Protest hits New Zealand parliament
Four environmental protesters breached security at New Zealand's parliament by scaling the roof and perching on a ledge above the main entrance.
The Greenpeace protesters hauled up solar panels and unfurled a banner to protest what they say is the government's lack of action in promoting renewal energy and dealing with climate change.
The four secured themselves on the ledge to the building in the capital Wellington with climbing harnesses and ropes.
The protest began at dawn local time and continued throughout the morning. Police issued the four with trespass notices but authorities said they planned to allow the protesters to come down on their own.
The breach will come as an embarrassment to the parliament's security services.
David Stevenson, the general manager of Parliamentary Service, said he had ordered a full review of security procedures as a result of the breach.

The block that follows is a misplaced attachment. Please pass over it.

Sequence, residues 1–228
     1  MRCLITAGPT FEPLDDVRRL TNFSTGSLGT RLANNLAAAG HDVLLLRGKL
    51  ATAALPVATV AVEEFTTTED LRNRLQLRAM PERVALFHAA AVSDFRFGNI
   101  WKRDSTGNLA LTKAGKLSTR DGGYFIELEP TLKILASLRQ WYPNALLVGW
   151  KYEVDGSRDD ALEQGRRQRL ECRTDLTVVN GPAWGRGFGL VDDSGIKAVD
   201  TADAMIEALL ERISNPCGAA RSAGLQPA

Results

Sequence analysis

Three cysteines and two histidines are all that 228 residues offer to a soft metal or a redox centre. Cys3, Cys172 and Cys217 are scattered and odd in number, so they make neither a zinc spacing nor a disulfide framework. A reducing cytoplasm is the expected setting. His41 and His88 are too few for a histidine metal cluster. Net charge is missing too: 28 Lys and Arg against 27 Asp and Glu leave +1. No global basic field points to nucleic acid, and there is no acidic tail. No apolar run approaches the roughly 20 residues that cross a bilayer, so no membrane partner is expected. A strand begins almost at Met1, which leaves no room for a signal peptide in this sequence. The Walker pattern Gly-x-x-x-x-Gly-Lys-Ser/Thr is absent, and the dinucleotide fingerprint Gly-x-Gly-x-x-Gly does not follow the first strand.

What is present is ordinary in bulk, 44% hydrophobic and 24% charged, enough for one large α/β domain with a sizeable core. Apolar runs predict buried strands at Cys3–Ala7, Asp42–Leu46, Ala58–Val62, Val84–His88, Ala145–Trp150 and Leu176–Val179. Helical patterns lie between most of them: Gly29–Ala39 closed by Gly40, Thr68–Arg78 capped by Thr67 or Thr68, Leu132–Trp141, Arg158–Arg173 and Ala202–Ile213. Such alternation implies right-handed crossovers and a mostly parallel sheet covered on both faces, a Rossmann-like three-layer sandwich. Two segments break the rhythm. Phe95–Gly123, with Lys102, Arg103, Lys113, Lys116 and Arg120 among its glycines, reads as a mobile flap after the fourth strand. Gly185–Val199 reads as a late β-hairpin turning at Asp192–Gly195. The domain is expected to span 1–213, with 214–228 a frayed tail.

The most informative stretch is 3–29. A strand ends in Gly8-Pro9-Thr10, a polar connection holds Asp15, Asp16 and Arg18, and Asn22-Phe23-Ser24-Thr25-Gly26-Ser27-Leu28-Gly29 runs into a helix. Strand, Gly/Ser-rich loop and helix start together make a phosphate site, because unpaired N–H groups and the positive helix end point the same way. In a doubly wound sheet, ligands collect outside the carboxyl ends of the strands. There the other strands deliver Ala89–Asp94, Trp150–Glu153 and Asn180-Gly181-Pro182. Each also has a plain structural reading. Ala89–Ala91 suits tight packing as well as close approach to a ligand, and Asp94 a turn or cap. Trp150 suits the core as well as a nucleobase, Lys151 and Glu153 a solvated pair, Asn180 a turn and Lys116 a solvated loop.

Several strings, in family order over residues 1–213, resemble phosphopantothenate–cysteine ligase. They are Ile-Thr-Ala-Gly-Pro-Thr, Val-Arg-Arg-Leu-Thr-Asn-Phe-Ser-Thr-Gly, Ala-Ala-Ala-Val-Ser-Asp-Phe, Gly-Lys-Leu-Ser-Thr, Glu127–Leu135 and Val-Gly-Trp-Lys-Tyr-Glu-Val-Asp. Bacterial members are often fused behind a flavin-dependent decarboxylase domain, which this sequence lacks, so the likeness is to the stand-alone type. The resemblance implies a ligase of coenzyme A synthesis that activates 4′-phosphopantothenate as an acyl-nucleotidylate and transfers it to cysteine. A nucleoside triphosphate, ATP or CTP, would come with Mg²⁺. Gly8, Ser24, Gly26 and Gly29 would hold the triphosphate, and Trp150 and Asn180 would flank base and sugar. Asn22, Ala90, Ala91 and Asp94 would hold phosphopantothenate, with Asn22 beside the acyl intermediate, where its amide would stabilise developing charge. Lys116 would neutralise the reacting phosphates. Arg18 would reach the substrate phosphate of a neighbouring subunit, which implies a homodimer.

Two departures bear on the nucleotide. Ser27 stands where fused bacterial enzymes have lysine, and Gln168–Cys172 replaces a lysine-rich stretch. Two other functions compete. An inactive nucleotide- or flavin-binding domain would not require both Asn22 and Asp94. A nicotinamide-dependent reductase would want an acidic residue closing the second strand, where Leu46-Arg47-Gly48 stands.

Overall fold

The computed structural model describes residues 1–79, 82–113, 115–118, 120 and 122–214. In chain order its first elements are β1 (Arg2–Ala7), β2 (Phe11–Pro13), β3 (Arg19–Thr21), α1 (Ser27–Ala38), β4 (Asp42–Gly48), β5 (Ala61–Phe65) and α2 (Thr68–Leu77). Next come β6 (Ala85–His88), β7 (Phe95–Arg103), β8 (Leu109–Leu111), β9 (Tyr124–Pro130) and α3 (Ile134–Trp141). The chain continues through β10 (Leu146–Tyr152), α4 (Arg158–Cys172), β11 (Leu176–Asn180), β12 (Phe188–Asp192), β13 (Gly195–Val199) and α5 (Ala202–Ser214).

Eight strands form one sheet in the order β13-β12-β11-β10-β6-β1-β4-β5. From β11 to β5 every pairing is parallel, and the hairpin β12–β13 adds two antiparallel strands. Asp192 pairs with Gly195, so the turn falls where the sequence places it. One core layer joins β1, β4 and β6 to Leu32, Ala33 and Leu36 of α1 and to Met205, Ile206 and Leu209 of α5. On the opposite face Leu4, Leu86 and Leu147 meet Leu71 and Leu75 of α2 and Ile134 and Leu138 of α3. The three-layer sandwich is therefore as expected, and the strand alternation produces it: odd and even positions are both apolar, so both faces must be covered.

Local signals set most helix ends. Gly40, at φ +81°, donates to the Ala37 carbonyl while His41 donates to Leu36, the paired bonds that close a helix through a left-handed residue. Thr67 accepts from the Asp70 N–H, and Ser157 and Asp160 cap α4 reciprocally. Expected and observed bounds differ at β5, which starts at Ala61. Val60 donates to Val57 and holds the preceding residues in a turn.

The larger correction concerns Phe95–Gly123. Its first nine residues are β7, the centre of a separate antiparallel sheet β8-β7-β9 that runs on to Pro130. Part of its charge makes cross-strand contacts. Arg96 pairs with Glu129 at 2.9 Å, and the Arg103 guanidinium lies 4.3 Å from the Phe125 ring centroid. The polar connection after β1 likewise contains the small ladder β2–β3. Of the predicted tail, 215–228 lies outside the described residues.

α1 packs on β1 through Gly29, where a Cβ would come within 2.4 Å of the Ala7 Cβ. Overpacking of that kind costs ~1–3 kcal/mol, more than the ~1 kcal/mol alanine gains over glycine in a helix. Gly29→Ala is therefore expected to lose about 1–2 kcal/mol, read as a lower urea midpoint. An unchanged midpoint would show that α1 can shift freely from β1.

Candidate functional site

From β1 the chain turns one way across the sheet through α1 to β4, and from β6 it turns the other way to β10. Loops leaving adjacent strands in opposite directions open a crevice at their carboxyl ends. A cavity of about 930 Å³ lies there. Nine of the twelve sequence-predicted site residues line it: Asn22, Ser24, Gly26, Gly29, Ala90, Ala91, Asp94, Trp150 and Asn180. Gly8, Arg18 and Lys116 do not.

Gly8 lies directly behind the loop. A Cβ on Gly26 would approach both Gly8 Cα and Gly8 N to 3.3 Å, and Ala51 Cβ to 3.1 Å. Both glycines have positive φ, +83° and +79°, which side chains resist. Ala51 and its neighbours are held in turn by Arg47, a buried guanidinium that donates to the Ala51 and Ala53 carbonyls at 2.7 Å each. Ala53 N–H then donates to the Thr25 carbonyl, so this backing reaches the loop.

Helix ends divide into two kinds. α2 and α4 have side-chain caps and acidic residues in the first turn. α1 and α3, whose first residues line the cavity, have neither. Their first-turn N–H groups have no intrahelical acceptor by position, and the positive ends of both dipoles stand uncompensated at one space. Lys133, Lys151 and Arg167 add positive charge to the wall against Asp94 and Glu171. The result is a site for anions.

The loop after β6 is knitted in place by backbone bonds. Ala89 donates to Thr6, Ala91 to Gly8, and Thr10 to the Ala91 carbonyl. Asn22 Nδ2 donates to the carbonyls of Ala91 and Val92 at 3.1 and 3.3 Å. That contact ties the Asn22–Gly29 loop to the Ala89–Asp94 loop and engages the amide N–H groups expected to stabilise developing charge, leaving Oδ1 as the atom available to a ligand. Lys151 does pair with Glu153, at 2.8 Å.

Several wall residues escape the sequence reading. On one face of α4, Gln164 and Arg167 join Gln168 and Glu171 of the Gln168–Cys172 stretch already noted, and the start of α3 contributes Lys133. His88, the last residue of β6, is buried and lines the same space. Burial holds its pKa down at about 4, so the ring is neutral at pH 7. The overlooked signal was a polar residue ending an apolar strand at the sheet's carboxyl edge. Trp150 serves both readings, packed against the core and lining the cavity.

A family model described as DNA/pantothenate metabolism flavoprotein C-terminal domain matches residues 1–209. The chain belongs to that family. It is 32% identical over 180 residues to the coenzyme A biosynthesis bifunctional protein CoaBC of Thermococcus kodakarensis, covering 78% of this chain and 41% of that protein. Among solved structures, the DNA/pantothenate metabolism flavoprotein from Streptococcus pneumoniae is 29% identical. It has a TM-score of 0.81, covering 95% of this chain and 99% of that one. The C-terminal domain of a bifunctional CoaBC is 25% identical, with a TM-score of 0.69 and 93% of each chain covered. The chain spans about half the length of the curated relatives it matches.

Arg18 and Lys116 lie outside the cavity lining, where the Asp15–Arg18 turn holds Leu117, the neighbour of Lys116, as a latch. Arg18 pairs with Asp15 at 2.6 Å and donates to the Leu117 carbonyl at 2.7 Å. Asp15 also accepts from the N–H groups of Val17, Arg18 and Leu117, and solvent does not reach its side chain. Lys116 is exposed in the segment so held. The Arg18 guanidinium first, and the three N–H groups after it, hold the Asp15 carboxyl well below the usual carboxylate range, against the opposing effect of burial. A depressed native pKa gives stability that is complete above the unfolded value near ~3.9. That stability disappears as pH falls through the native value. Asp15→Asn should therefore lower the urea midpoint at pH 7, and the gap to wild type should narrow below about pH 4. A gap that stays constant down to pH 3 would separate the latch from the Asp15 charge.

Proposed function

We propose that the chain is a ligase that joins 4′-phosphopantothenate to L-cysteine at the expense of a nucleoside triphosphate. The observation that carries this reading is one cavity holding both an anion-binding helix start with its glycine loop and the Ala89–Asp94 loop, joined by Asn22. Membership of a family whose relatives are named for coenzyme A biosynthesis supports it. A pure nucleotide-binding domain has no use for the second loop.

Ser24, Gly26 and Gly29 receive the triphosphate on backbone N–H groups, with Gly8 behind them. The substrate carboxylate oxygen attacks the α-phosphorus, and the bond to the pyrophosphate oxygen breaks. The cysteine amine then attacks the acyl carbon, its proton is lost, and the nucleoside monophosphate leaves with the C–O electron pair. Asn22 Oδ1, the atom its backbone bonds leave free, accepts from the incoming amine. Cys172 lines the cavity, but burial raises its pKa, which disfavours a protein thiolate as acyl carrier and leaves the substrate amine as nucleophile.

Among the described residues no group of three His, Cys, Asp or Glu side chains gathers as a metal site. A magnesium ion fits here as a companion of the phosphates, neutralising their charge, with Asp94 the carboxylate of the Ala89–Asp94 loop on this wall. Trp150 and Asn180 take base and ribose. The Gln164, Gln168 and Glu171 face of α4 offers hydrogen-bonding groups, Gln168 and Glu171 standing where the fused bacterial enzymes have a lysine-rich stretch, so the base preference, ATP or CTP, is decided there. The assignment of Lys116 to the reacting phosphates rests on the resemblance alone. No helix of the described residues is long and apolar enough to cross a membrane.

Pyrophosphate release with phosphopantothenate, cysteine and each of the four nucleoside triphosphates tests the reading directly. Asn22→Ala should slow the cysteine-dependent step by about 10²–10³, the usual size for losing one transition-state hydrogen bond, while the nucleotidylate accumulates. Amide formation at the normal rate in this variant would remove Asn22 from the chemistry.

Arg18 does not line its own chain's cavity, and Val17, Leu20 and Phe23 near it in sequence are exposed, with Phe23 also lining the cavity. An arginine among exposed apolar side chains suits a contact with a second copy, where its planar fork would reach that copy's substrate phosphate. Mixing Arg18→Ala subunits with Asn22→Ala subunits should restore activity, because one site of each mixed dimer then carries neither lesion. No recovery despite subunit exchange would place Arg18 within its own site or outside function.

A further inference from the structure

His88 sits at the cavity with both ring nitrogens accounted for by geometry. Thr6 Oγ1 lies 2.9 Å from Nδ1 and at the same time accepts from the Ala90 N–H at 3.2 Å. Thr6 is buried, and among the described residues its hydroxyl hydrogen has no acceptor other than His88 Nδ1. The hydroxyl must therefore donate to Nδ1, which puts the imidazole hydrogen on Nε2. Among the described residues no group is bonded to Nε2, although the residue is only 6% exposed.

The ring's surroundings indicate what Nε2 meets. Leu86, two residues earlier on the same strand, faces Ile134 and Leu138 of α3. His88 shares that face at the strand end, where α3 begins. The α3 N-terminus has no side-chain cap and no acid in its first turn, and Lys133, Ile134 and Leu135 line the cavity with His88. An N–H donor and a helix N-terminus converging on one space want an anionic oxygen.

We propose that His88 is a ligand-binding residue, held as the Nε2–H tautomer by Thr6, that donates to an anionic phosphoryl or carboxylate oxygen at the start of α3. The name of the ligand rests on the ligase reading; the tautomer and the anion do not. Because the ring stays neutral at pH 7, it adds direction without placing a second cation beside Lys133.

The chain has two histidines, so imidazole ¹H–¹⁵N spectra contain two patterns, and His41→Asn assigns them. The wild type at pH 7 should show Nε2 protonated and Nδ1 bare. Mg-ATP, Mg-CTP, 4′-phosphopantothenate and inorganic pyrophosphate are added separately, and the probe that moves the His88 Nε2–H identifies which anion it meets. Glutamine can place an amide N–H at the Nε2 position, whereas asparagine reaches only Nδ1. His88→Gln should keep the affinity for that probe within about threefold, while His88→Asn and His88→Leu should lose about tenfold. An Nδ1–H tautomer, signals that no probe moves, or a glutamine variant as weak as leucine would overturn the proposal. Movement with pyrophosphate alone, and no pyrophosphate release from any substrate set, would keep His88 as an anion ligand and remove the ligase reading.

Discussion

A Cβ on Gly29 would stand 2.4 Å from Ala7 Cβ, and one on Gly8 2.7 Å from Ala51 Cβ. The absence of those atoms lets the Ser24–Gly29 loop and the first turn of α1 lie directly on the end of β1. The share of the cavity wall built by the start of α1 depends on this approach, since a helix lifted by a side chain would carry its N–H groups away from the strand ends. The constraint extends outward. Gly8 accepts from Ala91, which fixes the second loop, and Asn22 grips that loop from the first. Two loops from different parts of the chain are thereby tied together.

"Trespassing in or on the buildings is totally inappropriate, regardless of the motivations of those involved," he said.
"We are therefore taking this incident very seriously and will be looking for any lessons we can draw from it."
The forecourt in front of the main entrance is frequently used for sanctioned protests.
Speaking from a mobile phone, protester Johno Smith told The Associated Press the four were experienced climbers and they planned to come down once they had got their message out and "before it gets too cold".
He said he hoped the protest would inspire people to act.
"We need to take clean-energy action," he said. "Our society is based around fossil fuels."
About 77% of New Zealand's electricity generation comes from renewable sources, including hydroelectric, geothermal and wind. The country's vehicle fleet, on the other hand, primarily uses gasoline and diesel.